Object. 1. But doth not St. Paul himself say, that the law was ordained for life? Rom. vii. 10.

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Answ. 1. Perhaps St. Paul might mean only to shew his former opinion, that he thought it was ordained to give life; Rom. vii. 10, 11, 13. But supposing this to be the real design of the words, it signifies no more than that the law was designed or ordained to give life and happiness to every one that perfectly fulfilled it; Rom. ii. 7. and x. 5. But in Gal. iii. 10. cursed is every one that continueth not in all things which are written in the book of the law to do them. The law could have given life indeed to Adam, if he had continued to obey it; and the law could give life still, if men were perfectly innocent, and perfectly obedient; for the law is not weak in itself, or unable to give life, but only through the infirmity of our flesh, to fulfil the law ever since the fall of Adam, by whom sin entered into our natures and death entered into the world by sin: Rom. viii. 3, 4. What the law could not do, in that it was weak (not in itself, but) through the flesh, God sending his own Son in the likeness of sinful flesh, and (as a sacrifice) for sin, condemned sin in the flesh, that the righteousness of the law might be fulfilled in us, who walk not after the flesh, but after the spirit.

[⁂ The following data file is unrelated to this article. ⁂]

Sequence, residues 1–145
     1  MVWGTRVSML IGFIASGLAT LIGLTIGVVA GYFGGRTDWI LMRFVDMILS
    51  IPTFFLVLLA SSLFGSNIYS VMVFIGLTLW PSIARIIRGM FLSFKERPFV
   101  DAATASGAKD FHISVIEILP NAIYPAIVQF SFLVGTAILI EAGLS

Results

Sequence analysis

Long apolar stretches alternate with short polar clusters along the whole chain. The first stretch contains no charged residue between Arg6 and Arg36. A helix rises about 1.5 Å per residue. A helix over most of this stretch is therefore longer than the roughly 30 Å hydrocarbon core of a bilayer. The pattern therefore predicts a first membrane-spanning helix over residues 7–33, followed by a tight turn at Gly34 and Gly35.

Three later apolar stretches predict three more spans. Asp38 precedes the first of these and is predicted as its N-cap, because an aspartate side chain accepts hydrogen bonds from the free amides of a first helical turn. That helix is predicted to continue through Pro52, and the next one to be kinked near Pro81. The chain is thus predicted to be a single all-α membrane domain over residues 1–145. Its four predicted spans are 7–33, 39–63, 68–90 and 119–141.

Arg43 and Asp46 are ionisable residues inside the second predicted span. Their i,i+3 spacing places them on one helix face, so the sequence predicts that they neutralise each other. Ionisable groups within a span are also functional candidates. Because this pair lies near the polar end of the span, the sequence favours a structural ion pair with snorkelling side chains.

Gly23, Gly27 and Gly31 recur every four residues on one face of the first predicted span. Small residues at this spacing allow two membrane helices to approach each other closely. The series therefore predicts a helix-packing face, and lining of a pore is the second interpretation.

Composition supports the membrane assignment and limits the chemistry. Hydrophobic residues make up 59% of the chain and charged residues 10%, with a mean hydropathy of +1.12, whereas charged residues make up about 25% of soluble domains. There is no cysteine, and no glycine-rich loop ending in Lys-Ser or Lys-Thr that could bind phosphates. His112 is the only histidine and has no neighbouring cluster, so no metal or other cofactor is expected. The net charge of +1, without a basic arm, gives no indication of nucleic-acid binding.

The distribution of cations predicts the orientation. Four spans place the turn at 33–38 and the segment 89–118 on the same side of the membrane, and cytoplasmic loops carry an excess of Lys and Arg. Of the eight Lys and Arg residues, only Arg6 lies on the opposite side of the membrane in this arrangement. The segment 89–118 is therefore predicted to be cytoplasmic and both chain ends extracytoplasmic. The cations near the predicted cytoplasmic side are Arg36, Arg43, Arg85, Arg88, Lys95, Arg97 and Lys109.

Answ. 2. The Jewish law was brought in to shew how transgressions abounded; Rom. v. 20. Gal. iii. 19. The law entered that sin might abound, or might appear to abound, for by the law is the knowledge of sin; Rom. iii. 20.

Object. 2. Were none of the Jews saved, to whom the law of Sinai was given, and who were under this law? Were not all of them condemned by it?

Answ. Yes, they were all condemned by this law in the sight of God, considered as the Lord of souls or consciences; for they had all broke it in several instances: Nor could the services. there required purify their consciences; Heb. ix. 9. But several of them were saved by the promise to Abraham, i. e. by the gospel, which was contained in the five books of Moses, and was often intermingled with the declarations of the law: the promise to Abraham, or the gospel, was not annulled but continued, established and ratified by the revelation of Moses; Gal. iii. 17.

The law which was four hundred and thirty years after, cannot disannul it, that it should make the promise of none effect." And Rom. iii. 21. "The righteousness of faith," or justification of the gospel," as witnessed by the law and the prophets." So Abraham was saved; so David by the grace of God in the covenant of promise; Rom. iv. 3, 6. But "not by the works of the law; for by the works of the law shall no flesh (no man living was or could) be justified;" Rom. iii. 20. Gal. iii. 16.

Let us now recollect the explication of the words, law giving life, and righteousness, in short, that we may more easily apply the words in reading what follows, and so proceed to the next observation.